Wednesday, August 26, 2015

Prudent Prepping: Savings

The dust has settled and the First 72 Hours have passed. Now we concentrate on what to do in, and how to plan for, the long term via Prudent Prepping.

Preparing for a Rainy Day

I usually write about how I'm building an emergency supply of items to sustain myself and others through a disaster -- hopefully one of short duration. My priorities are the standard prepping items of shelter, food, and water. The one thing that I haven't written much about, though, is the money needed for buying supplies during the emergency.

While the items I have stored will feed me and my friends, there might be a time where power will be out, ATM's won't work, and the stores will only take cash.

Perhaps one person in your group has let their car get low on gas, or is short on cash and needs to pick up needed supplies like a prescription. Having cash will get you through this situation, reduce stress, and allow everyone to worry about one less item on the survival checklist.

I've been working to get cash into every one of my bags, with the goal of $50 in the truck and EDC bags and more in the BOB. The EDC goal has been met, but the BOB and home cash fund are lagging. I've been under-employed and extra cash has been tight, so the funds are building up slower than I'd like -- but they're getting there.

Precious Metals
Now before you mistake the light-colored sections of my hair for aluminum foil, hear me out: there might be a time when paper currency will no longer be worth anything, and metals of some type will be trusted and used instead. And if I'm wrong, silver will always be valuable and never 'worth' nothing, even if the dollar 'value' goes up and down. So this is a prep against inflation, if nothing else.
This is also another way for me to save money in a form that is less convenient to spend than dollar bills: when I'm looking at some quarters that cost $20 and think about how much trouble it will be to convert back into a $20 bill, I don't even bother to try.

My Preps
Some of the silver coins I have were given to me by my grandfathers and I've kept them ever since. Most of the coins that I have saved over the years are ones I found when they were easy to find in my change. A deliberate plan to buy coins only started in the last 10 years, and some of the things I buy on occasion are pre-1965 silver coins -- I have a friend of a friend whose family has a pawn shop where I buy coins (mostly dimes and quarters) for the current daily price for silver.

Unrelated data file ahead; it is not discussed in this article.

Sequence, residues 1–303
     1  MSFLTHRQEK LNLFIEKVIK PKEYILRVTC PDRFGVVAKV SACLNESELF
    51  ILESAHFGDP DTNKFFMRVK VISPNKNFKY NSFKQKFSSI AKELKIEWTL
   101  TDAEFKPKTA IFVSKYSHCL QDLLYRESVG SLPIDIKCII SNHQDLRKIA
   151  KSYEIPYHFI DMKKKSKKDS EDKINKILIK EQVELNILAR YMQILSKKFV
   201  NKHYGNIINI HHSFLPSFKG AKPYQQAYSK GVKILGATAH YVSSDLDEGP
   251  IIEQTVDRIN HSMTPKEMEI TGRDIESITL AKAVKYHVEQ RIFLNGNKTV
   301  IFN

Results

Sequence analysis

I am planning on Bugging In, so portability of coins is not a factor. If it came time to leave, though, while 10 lbs of silver is still 10 lbs, it takes up a very small amount of room in the car.

Your Preps?
There are many different opinions on what to buy, or even if you should have silver or gold. Old silver coins that have been in circulation; gold coins; gold bars, U.S. minted or foreign; the options are pretty much endless and are as open to discussion as "What brand and caliber of firearm is best?"

If you decide to buy coins, and don't have the cash to buy large amounts, rolls of 50 silver dimes can be had for very little. You can also try to find a local dealer who will sell you individual coins.

The Takeaway
However you do it, and with whatever type of money, cash is an important part of prepping and needs to be as carefully planned out as food, water and shelter.

  • Five pre-1965 silver quarters; $30. (Better than average grade; for a collection; I usually pay half this price for junk silver. )

As always, if you have comments, suggestions or corrections, please post them so we all can learn. And remember, Some Is Always Better Than None!

NOTE: All items tested were purchased by me. No products have been loaned in exchange for a favorable review. Any items sent to me for T&E will be listed as such. Suck it Feds.

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